New York Mets outfielder Mark Canha has been strong at the plate to start his tenure with the team, as he enters play on Thursday with a .338 batting average, a .405 on-base percentage, and 22 hits in 65 at-bats.
This strong start is not by accident, as he has patiently taken the right pitches and placed balls in play for hits as he is a reason why the Mets as a team have the highest on-base percentage and second highest batting average in the major leagues. But Canha’s past tells us he is in for a slump at some point.
Mark Canha has been lucky, intentional or not
When the Mets originally brought Canha in as a free agent from Oakland, they were advertising consistency, ability to get on base, and occasional power, not contact. He has sacrificed hard hitting for contact, perhaps by design with the cold weather and the deadened baseballs that Jeff McNeil has talked about recently. His hard-hit rate is at its lowest (28.6%) and has only had one barrel hit, which was the home run he hit off Atlanta’s Max Fried on Monday, his first as a Met. That ball travelled 388 feet. The next longest base hit went for 255 feet (that was on April 10 in Washington). So Canha has had success making sure the ball stays in play and forcing defenders to make plays for themselves.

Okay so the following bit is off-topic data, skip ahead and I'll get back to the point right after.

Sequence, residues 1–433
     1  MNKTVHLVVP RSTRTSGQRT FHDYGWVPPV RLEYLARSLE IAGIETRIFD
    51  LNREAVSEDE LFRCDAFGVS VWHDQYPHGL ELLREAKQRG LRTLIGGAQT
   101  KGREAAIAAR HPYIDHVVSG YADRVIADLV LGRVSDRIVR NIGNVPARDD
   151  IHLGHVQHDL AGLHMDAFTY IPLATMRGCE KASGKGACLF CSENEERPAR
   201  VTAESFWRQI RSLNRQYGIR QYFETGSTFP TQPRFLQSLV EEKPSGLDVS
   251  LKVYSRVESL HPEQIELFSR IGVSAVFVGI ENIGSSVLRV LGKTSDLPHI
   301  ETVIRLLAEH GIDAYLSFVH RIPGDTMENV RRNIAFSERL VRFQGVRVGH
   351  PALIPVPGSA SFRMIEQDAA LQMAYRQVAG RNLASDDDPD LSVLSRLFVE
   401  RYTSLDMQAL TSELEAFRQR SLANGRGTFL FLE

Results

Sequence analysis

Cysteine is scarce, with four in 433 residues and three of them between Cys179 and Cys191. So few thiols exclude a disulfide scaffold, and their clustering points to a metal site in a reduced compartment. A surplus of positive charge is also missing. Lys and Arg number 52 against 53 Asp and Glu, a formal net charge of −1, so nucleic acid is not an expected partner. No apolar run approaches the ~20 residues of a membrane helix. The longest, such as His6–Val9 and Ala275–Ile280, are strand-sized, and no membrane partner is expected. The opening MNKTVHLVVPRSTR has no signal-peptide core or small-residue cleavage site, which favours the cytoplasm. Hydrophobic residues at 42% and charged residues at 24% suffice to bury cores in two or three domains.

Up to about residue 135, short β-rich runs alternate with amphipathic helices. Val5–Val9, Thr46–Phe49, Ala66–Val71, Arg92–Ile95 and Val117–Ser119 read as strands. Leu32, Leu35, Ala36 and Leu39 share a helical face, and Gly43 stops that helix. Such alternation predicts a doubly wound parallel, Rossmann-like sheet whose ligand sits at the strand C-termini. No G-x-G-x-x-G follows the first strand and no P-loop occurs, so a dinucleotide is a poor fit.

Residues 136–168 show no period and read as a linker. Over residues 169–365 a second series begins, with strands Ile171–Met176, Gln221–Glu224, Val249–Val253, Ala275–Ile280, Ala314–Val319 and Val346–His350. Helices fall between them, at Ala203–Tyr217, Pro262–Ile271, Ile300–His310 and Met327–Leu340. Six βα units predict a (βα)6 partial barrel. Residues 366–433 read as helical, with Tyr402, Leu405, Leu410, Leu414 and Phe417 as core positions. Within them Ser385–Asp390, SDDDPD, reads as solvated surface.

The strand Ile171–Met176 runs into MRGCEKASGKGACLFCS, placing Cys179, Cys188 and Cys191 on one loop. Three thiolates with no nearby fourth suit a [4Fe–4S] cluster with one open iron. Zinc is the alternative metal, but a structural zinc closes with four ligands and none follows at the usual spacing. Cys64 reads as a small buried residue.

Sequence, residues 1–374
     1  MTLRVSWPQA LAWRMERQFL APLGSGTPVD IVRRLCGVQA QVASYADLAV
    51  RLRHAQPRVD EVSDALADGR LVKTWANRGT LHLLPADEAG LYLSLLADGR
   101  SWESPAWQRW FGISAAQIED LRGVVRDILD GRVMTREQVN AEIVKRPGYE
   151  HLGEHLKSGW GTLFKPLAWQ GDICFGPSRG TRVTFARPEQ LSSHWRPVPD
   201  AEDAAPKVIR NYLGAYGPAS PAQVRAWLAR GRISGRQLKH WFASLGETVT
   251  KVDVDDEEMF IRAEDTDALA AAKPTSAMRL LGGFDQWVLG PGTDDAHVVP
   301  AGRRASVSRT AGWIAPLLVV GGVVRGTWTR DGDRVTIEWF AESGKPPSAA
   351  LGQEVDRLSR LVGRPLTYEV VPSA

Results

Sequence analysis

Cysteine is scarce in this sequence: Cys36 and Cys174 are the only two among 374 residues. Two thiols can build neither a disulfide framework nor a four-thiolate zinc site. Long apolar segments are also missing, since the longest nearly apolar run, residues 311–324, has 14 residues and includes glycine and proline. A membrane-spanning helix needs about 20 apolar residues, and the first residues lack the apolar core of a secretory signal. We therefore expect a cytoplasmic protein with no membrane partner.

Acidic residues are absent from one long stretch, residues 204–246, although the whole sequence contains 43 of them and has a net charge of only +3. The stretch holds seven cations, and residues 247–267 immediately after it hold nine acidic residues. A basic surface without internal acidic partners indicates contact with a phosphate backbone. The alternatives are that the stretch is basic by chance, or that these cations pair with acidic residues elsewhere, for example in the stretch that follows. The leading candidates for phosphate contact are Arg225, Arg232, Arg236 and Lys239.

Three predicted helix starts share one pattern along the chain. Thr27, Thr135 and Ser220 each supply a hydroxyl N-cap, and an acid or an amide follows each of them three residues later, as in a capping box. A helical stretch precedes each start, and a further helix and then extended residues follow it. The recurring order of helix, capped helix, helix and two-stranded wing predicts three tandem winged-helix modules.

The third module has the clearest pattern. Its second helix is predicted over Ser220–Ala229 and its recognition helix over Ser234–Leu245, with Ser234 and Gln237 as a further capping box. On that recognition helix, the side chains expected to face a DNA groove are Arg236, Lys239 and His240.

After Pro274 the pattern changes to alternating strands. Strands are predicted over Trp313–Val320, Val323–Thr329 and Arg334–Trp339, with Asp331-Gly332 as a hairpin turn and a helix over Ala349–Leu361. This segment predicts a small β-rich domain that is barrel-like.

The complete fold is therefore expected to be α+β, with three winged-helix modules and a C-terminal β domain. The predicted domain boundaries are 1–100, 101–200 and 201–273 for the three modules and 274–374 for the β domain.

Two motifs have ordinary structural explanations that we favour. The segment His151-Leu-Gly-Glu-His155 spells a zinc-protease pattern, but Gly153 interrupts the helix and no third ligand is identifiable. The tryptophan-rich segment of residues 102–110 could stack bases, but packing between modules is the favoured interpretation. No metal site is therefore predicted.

But even though contact has been a focal point of Mets hitting coach Eric Chavez’s input in improving the offense, Canha’s strikeout percentage is the highest it has been in five years, striking out in 23.0% of his plate appearances (17 of 74). According to Baseball Savant, his chase rate, outs above average, and walks have gotten worse relative to the competition from last year.
Before this season, his career high in batting average is .273 and lifetime a .247 hitter, so it would be hard to believe that Canha’s current figure, .338, will sustain itself. Fans should be impressed though if Canha continues to hit at this torrid pace.
He will have opportunities to keep his strong averages up during their upcoming road trip to Philadelphia and Washington, where their respective home team’s pitchers have struggled. However, when they see better pitching again with the likes of the Dodgers, Giants, and Cardinals whom the Mets will face the next few weeks, Mets fans will have an idea about how successful Canha will be as a Met.